Another concern of the committee was building codes. The National Building Code of Canada has a review process whereby every five years they issue amendments. At the rate of sustainability, it will be probably 50 years behind by the time they catch up to the changes in the design industry. It is a proscriptive system limiting wood use, which is being challenged by my previously noted integrated design approach. As a group of consultants with a common goal, we work around the code. There is a new industry of code consultants that we use to help us cope with the challenges of building in wood. Most of my buildings are institutional, and the easiest way to build them is with non-combustible materials. In the submission before the committee you will see photos of North Cariboo Community Campus in Quesnel, B.C. It is a non-combustible building by definition in the building code, yet it is constructed almost entirely of wood. The building code could be changed, but it would take years. It is easier to engage the integrated design team and approach the problem from a different perspective. British Columbia recently gave third reading to a bill on amendments to the B.C. building code that would allow up to six-storey wood-frame buildings. That would create greater use of wood products and would provide greater density in our cities, reducing large-scale infrastructure costs. This is an exciting bill. They have taken the lead. The premier was sitting at a meeting with the chair of the Wood WORKS! steering committee. He heard that we could not construct buildings with wood in British Columbia that were more than three storeys high and decided that the code had to be changed. They can do it in Europe but not across Canada, only in B.C. My understanding is that other provinces are keen on following this strategy. Vancouver has a goal of densification. We have the downtown core and a series of communities within the city of single family residences of two or three storeys only. We need to build the residential density up by building up to six storeys in wood. The building codes need to be changed, and initiative to that end is necessary.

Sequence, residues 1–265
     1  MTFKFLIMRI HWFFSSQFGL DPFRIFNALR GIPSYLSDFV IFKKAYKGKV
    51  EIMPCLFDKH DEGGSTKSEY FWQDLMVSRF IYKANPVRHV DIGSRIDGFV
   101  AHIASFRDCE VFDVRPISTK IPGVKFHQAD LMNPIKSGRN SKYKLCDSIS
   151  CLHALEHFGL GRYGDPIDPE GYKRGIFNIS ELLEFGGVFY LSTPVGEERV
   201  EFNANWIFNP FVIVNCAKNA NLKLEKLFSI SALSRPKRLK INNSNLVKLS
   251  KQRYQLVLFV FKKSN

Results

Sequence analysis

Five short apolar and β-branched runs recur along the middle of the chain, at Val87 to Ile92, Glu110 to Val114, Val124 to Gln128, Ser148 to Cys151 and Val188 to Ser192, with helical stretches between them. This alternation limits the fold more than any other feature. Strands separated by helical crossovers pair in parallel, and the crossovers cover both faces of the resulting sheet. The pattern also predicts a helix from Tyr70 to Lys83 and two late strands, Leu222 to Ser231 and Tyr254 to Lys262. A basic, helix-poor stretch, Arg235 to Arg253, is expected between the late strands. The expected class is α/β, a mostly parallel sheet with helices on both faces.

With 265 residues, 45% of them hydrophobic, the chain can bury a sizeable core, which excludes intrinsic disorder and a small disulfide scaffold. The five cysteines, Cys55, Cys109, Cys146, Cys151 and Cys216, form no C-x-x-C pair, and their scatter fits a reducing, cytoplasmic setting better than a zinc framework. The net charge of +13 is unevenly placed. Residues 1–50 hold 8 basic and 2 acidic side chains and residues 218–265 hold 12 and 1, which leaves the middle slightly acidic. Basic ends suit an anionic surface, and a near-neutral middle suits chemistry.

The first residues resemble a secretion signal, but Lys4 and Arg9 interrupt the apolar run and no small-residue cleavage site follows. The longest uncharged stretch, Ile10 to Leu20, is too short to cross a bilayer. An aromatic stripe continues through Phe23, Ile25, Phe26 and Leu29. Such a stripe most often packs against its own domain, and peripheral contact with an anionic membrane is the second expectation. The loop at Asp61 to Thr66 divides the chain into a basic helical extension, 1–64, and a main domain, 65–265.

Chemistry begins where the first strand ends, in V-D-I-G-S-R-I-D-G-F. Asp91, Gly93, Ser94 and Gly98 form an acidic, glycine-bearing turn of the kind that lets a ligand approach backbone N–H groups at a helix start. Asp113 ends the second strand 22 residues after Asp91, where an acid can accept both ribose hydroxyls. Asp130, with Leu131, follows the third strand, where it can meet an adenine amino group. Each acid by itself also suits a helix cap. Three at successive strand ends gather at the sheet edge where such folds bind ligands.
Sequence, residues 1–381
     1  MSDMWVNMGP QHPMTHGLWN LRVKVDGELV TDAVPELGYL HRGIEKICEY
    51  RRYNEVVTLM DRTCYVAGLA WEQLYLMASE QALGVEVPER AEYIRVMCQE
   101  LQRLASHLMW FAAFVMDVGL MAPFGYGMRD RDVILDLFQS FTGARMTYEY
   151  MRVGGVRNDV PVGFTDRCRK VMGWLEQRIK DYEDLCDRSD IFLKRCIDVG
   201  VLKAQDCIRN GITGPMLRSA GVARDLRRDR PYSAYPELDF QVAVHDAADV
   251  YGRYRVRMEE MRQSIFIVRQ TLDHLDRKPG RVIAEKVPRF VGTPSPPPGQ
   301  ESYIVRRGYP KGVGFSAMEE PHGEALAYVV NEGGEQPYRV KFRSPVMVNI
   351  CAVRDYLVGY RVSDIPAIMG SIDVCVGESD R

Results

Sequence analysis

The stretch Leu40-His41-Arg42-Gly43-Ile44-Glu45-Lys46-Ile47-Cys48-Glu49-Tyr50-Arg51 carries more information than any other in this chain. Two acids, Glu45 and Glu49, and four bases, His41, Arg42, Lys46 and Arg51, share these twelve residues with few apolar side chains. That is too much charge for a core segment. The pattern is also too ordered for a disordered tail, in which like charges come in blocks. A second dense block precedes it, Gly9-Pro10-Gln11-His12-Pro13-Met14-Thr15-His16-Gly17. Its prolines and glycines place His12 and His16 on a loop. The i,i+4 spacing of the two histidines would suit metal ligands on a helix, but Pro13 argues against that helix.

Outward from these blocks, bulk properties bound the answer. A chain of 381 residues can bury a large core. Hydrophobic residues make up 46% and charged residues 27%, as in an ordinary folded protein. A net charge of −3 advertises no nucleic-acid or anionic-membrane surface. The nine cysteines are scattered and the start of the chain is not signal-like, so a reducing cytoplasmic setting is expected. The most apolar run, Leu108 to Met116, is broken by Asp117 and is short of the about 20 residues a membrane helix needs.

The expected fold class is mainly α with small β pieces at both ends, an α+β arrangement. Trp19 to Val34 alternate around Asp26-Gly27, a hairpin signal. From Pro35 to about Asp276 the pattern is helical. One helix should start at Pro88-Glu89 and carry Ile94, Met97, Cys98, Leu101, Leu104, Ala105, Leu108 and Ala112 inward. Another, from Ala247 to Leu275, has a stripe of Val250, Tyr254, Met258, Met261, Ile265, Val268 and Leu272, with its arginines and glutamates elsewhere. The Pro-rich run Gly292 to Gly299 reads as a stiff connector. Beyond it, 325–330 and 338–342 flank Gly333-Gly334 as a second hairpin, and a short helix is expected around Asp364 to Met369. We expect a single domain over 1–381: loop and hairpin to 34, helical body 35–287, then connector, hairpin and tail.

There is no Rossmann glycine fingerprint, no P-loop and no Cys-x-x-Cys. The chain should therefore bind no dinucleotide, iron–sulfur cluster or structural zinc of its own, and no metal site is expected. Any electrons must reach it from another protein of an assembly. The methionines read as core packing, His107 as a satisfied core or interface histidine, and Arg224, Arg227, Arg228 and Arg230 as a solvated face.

Concurrently, there is an ongoing focus in the wood and forestry industry on cross-laminated timber, CLT, panels, a technology that is used extensively in Europe. There are no manufacturers of CLT in North America. CLT is a system in which pieces of wood are laid across each other. CLT panels can take on incredibly good structural acoustic building envelope insulation properties. They use four to five times the amount of wood, which is a challenge for the construction industry. I notice that the B.C. building code is focused on residential construction, and the CLT panels will change how wood buildings are designed and built and how they perform in terms of sustainability, energy and acoustics.